The term ‘intercultural capital’ was one that I hadn’t come across before. In this context this meant essentially all the factors that individuals use to get a job, to add value to themselves and to get through life and survive – people’s personal reservoir of cultural knowledge and know how. Professor Glen Stafford talked about universities being the gatekeepers of intercultural capital and providers of transformative experiences, but that inequality exists as students with lower social economic status don’t have the intercultural capital of those with higher economic status. For example, students in the higher bracket will often come to study abroad already with family support, financial resources etc so they may already have their reservoir half filled.

Professor Stafford gave some excellent examples about how they were addressing this problem, which included removing grade restrictions on study abroad programmes, changing language so that it doesn’t appear selective (for example ‘student ambassador’ may make some potential students feel as though they were not prestigious enough to aspire to this) and embedding study abroad into degrees/majors, among other initiatives. Essentially, trying to normalize and open up the study abroad experience.

This was a complex but highly engaging topic which I would recommend anyone to look in to further. I was lucky enough myself to work abroad at a very young age and it made a real difference to my life. It would be greatly beneficial for all it study abroad opportunities could be made even more accessible.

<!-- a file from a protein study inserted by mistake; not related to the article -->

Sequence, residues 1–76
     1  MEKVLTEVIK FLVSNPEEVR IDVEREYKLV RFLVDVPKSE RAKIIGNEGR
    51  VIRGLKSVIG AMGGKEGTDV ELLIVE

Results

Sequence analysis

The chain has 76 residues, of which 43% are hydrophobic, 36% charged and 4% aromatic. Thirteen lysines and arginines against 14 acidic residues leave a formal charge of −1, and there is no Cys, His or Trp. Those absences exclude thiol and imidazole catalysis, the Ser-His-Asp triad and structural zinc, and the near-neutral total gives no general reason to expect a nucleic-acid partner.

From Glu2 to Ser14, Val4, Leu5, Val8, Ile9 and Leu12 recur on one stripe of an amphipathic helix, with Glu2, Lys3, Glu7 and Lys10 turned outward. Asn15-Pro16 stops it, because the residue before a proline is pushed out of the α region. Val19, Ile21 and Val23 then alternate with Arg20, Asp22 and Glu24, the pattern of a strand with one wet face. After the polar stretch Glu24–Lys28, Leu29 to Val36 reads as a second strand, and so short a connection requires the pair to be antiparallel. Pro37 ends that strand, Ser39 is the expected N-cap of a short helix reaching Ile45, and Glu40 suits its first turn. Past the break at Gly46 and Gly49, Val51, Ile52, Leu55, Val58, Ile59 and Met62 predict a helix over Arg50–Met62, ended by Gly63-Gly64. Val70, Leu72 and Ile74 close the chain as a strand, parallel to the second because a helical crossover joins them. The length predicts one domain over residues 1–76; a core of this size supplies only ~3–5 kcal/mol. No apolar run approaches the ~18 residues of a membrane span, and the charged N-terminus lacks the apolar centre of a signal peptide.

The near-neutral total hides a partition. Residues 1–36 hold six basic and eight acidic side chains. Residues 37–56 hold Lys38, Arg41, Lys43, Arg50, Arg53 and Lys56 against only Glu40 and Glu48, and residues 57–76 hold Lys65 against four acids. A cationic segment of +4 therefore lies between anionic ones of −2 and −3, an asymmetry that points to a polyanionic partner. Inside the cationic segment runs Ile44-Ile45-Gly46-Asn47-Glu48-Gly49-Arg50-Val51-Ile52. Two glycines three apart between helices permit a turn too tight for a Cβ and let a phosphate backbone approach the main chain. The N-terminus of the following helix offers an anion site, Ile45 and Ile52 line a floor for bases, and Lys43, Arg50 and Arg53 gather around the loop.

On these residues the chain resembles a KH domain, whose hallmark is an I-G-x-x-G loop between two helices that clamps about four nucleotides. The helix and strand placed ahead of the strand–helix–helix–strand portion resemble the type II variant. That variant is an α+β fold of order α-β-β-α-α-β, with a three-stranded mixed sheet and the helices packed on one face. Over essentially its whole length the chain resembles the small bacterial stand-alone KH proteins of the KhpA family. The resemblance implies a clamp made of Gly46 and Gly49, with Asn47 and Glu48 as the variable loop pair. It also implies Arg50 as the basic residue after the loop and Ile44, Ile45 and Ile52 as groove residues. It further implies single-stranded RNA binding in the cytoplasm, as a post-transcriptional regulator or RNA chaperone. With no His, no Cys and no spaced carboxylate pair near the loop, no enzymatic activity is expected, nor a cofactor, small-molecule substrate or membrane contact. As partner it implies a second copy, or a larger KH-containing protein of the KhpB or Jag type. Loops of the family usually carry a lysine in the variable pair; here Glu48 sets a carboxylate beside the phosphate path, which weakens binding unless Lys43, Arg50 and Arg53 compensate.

Rankings, Student Buyer Behaviour and some dancing…

October 10, 2014

On the penultimate evening of the conference I just wanted to quickly jot down my thoughts from today – if I can remember them that is, after all that dancing and the Journey to the Cosmos at the AIEC dinner!

Remembering that the Conference theme is ‘Inventing the Future’ I listened with interest to LinkedIn’s Michael Levine who presented on the use of LinkedIn’s data to harness the world’s first economic graph. This month LinkedIn launched their own university rankings and tools to help in the student decision making process. The rankings are based on career outcomes and users can search which schools are launching graduates into desirable jobs. The focus was also on alumni and how they can use the alumni tool to further validate their decision making, by asking alumni of their intended university to share their experiences. Both interesting new tools which I’ll be taking a look at in more detail.

Speaking of decision making… IDP’s Head of Research Lyndell Jacka presented excellent new research on International Student Buyer Behaviour and took us inside the minds of today’s international students. Just as an aside, I particularly liked a tweet that I saw earlier which said ‘It wouldn’t be AIEC without Lyndell’s little running men”! I must say I’m quite fond of them myself…

Lyndell took us through a fascinating selection of slides that pulled upon data collected from over 1,000 students who had used IDP’s services. The findings looked at student perceptions and student experience. Some slides considered Australia only and others looked at multi destinations (UK, US, New Zealand and Canada).

In comparison to last year there were no dramatic differences, although in terms of student perception Australia moved forward to equal the US for Affordability. Still with student perceptions, the US led the way for Quality of Education closely followed by the UK and Australia. New Zealand and Canada led the way for safety. In terms of Graduate Employment Opportunities the UK was lagging well behind (in fact the little running man looked as though he was about to expire..) and Australia was up in front marginally ahead of the US.